23.3 C
New York
Wednesday, July 24, 2024

This Hacker Tool Can Pinpoint a DJI Drone Operator's Exact Location

There’s a reason consumer drones have evolved from an expensive toy into a tool of war: They can perform high-altitude surveillance, carry out reconnaissance, or even deploy weapons, with their operator safely hidden as far as miles away. But hackers are revealing that for quadcopters sold by the world’s biggest drone manufacturer, operators aren’t nearly as hidden as they might think. In fact, these small flying machines are continually broadcasting their pilots’ exact locations from the sky, and anyone with some cheap radio hardware and a newly released software tool can eavesdrop on those broadcasts and decode them to extract their coordinates.

At the Network and Distributed System Security Symposium (NDSS) in San Diego this week, researchers from Ruhr University Bochum and the CISPA Helmholtz Center for Information Security demonstrated that they were able to reverse engineer the radio signals of drones sold by DJI, the leading manufacturer of consumer quadcopter drones, to decode a radio protocol they use called DroneID. By deconstructing this signal, the researchers could see that every DJI drone’s DroneID communications transmit not only its own GPS location and a unique identifier for that drone, but also the GPS coordinates of its operator.

Most PopularBusinessThe End of Airbnb in New York

Amanda Hoover

BusinessThis Is the True Scale of New York’s Airbnb Apocalypse

Amanda Hoover

CultureStarfield Will Be the Meme Game for Decades to Come

Will Bedingfield

GearThe 15 Best Electric Bikes for Every Kind of Ride

Adrienne So

That DroneID system was designed to allow governments, regulators, and law enforcement to monitor drones and prevent their abuse. But hackers and security researchers have warned for the past year that DroneID is unencrypted and open to anyone who can receive its radio signals. The German researchers, as well as another researcher working separately at the University of Tulsa, have now shown just how completely that signal can be decoded and read, allowing any hacker who can eavesdrop on DroneID to pinpoint a drone’s hidden operator, even if that drone pilot is miles away.

To publicly prove their findings, the German group has released a prototype tool to receive and decode DroneID data here.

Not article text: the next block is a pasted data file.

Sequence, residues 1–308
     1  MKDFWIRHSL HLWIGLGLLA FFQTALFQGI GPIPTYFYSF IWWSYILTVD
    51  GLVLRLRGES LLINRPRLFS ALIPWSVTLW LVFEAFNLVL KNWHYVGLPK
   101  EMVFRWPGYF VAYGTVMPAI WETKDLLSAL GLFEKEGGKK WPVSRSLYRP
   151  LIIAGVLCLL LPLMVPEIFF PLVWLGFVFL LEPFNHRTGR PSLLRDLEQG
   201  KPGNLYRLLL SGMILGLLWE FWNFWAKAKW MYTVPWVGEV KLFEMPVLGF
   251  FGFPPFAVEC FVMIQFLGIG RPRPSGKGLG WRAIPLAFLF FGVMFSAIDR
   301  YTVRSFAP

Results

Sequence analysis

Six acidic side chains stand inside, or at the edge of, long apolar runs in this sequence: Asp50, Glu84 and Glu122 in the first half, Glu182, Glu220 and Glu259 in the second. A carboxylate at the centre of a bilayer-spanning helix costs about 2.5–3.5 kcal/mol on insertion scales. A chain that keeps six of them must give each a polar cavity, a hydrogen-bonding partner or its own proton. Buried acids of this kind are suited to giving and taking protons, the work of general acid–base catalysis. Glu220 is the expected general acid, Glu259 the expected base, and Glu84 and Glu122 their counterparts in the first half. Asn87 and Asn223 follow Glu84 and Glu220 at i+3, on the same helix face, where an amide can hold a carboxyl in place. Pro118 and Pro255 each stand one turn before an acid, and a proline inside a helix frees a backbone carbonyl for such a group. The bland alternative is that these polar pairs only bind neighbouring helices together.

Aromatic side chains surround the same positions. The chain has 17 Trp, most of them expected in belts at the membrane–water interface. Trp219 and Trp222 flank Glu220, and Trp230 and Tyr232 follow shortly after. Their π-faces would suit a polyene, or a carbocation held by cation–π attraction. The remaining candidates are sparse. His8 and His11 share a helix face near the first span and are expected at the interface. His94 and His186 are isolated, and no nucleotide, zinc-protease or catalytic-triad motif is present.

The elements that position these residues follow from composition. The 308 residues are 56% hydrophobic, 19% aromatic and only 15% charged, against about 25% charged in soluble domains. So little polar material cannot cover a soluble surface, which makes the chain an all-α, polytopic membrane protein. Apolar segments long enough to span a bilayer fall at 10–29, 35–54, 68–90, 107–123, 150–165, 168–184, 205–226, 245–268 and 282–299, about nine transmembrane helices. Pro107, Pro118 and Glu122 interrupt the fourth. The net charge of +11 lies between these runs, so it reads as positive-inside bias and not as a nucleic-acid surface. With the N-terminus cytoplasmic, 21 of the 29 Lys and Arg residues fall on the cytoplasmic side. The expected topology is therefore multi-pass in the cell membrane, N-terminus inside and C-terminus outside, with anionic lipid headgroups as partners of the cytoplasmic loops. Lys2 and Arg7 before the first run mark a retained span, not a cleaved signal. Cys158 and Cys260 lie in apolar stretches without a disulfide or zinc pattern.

The researchers’ discovery—and their public tool—provide new evidence of the serious privacy and operational security concerns DroneID presents for operators, especially considering that DJI drones are now often used in war zones, where revealing a drone operator’s location can draw enemy fire. And while DJI has an enormous majority share of the consumer drone market, the problem will only grow when new US Federal Aviation Administration regulations go into effect in September, mandating that all consumer drones implement systems similar to DroneID.

“This is a big problem, right?” says Moritz Schloegel, one of the Ruhr University graduate researchers presenting the DroneID findings at NDSS. “You might think your drone transmits its position. But suddenly, it’s transmitting your position as well. Whether you’re privacy-minded or you’re in a conflict zone, nasty stuff can happen.”

DJI’s DroneID became the subject of controversy last spring when the Ukrainian government criticized the company because Russian military forces were using DJI drones for their missile targeting and using the radio signals broadcast from Ukraine’s own DJI drones to locate Ukrainian military personnel. China-based DJI has long sold a suitcase-sized device called Aeroscope to government regulators and law enforcement agencies that allows them to receive and decode DroneID data, determining the location of any drone and its operator from as far as 30 miles away.

DJI’s DroneID and Aeroscope devices are advertised for civilian security uses, like preventing disruptions of airport runways, protecting public events, and detecting efforts to smuggle cargo into prisons. But Ukraine’s vice minister of defense wrote in a letter to DJI that Russia had repurposed Aeroscope devices from Syria to track Ukrainian drones and their operators, with potentially deadly consequences.

DJI responded by warning against any military use of its consumer drones and later cutting off all sales of its drones to both Ukraine and Russia. It also initially claimed in response to the Verge’s reporting on the controversy that DroneID was encrypted, and thus inaccessible to anyone who didn’t have its carefully controlled Aeroscope devices. But DJI later admitted to the Verge that the transmissions were not in fact encrypted, after security researcher Kevin Finisterre showed that he could intercept some DroneID data with a commercially available Ettus software-defined radio.

Most PopularBusinessThe End of Airbnb in New York

Amanda Hoover

BusinessThis Is the True Scale of New York’s Airbnb Apocalypse

Amanda Hoover